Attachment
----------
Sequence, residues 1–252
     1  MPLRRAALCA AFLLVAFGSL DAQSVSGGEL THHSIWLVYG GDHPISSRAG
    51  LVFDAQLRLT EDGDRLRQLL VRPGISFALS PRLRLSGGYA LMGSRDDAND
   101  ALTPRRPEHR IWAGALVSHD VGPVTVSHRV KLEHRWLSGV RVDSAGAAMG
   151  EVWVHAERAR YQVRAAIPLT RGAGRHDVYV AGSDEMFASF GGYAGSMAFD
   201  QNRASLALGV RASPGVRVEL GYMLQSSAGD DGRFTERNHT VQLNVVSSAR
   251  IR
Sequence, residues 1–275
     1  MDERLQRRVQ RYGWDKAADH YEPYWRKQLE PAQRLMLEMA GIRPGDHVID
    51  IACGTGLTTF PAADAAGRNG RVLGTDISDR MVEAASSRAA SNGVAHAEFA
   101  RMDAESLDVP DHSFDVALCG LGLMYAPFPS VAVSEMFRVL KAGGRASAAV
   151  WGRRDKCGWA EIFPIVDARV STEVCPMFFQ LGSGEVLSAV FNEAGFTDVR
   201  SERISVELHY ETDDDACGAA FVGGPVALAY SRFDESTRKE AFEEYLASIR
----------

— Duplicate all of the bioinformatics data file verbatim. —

Sequence, residues 1–252
     1  MPLRRAALCA AFLLVAFGSL DAQSVSGGEL THHSIWLVYG GDHPISSRAG
    51  LVFDAQLRLT EDGDRLRQLL VRPGISFALS PRLRLSGGYA LMGSRDDAND
   101  ALTPRRPEHR IWAGALVSHD VGPVTVSHRV KLEHRWLSGV RVDSAGAAMG
   151  EVWVHAERAR YQVRAAIPLT RGAGRHDVYV AGSDEMFASF GGYAGSMAFD
   201  QNRASLALGV RASPGVRVEL GYMLQSSAGD DGRFTERNHT VQLNVVSSAR
   251  IR
Sequence, residues 1–275
     1  MDERLQRRVQ RYGWDKAADH YEPYWRKQLE PAQRLMLEMA GIRPGDHVID
    51  IACGTGLTTF PAADAAGRNG RVLGTDISDR MVEAASSRAA SNGVAHAEFA
   101  RMDAESLDVP DHSFDVALCG LGLMYAPFPS VAVSEMFRVL KAGGRASAAV
   151  WGRRDKCGWA EIFPIVDARV STEVCPMFFQ LGSGEVLSAV FNEAGFTDVR
   201  SERISVELHY ETDDDACGAA FVGGPVALAY SRFDESTRKE AFEEYLASIR